Encryption on Mailing lists sensless?

Garreau, Alexandre galex-713 at galex-713.eu
Wed Nov 19 00:42:11 CET 2014

On 2014-11-18 at 17:09, Robert J. Hansen wrote:
>> Would this not at the same time make it simple for MUAs to discover
>> that "this message is not from anyone you say you know.  Delete
>> without reading?"
> Sure, but that also destroys the email ecosystem.  One of email's
> strongest points has been that no introduction is necessary to begin a
> conversation.  This year I found myself re-engaging with a friend I lost
> touch with a decade ago, who found me on a mailing list and figured to
> drop an email and see if maybe I was the same Rob Hansen she knew from
> back when.  If my MUA/MTA had hidden it from me just because there was
> no introduction, or urged me to delete it without reading...
> Could email as a platform survive the shift to introduction-based
> systems?  Sure.  But it would totally transform the email experience,
> and maybe in ways we wouldn't like.  That's why I'm so skeptical of
> proposals to fix email in this way: we might fix email, but we might
> also kill it at the same time.

It’s completely true. However Mark’s right when saying it could help to
do it client-side: client-side, you can access *all* private (meta)data
on user without any privacy problem, and use it to better detect what’s
a spam, and actually that would be really useful (isn’t it really easy
for you personally, who know yourself, to detect if something is a spam
or a message really adressed to you?).

As he said, contacts are useful. So yes, roughly filtering spam from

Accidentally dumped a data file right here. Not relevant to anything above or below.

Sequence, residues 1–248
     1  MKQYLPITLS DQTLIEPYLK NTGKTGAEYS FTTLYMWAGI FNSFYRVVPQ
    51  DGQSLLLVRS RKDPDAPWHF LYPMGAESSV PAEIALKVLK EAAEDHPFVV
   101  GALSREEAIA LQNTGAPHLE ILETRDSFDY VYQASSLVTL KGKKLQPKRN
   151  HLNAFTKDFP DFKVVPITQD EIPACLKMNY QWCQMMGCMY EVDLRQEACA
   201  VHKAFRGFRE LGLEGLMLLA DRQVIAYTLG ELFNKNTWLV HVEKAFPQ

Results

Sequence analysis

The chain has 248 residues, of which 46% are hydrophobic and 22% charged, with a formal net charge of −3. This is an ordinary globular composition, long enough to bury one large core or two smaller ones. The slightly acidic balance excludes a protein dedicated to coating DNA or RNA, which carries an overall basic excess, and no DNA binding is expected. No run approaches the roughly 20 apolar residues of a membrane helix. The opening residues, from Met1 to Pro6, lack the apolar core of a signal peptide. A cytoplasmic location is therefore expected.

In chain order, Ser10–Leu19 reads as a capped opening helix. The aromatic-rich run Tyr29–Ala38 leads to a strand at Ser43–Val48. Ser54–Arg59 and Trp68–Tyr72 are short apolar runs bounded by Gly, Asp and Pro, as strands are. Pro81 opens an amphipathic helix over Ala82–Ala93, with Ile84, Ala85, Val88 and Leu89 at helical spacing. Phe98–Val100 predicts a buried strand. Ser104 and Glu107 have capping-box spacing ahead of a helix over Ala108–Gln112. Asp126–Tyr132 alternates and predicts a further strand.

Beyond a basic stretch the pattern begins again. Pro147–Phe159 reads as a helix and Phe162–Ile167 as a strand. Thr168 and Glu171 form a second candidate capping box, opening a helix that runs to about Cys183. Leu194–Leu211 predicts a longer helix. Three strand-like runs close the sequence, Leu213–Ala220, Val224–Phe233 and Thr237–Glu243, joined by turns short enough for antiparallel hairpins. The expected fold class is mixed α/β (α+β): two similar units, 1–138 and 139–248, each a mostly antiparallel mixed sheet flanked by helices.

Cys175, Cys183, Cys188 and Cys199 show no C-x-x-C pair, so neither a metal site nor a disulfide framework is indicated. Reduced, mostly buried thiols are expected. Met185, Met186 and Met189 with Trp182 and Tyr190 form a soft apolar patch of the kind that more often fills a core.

not-yet-introduced friends lacks flexibility and destroy several email
nice features. But we can do thiner: lower the score given with bayesian
autostabilizating equations.

>> Again, if it's provably from no one you say that you trust, the MUA
>> could refuse to execute runnable content without explicit
>> permission. (Which I say should be the normal and only setting for
>> all content, but I know I'm a crank.)
> It already is.  Double-click on an executable attachment and a window
> will pop up with a warning about how you should only run code from
> people you know and trust, click "OK" to cancel running this, click "I
> know the risks" to run it, etc.
> An awful lot of people click "I know the risks."

A longer text explaining “you giving this program the authorization to
do what it wants with your data and configuration, including destroying,
corrupting, stealing, spying, reveling anything”.

But the true solution is this one: use only free software, software
you’re sure you can check the sources. Even more: having build
information, sources and binary signed cryptographically. Even more:
being sure this binary is made with reproducible builds. Even more:
everything of that available trough a censorship-resistant P2P
filesharing system.

> He said that of all the outcomes he imagined for his Ph.D., he never
> dreamed that it would be that his research could be accurately summed
> up as, "the technology works fine, it's *people* who are completely
> broken."

Yeah, we need interdisciplinarism: a great part of work to change the
world, added to technical progress, is education. It’s maybe *the*
biggest and most important thing. Sometimes you don’t need to adapt to
the society but adapt the society to you and people:

“The reasonable man adapts himself to the world: the unreasonable one
persists in trying to adapt the world to himself. Therefore all progress
depends on the unreasonable man.” — George Bernard Shaw
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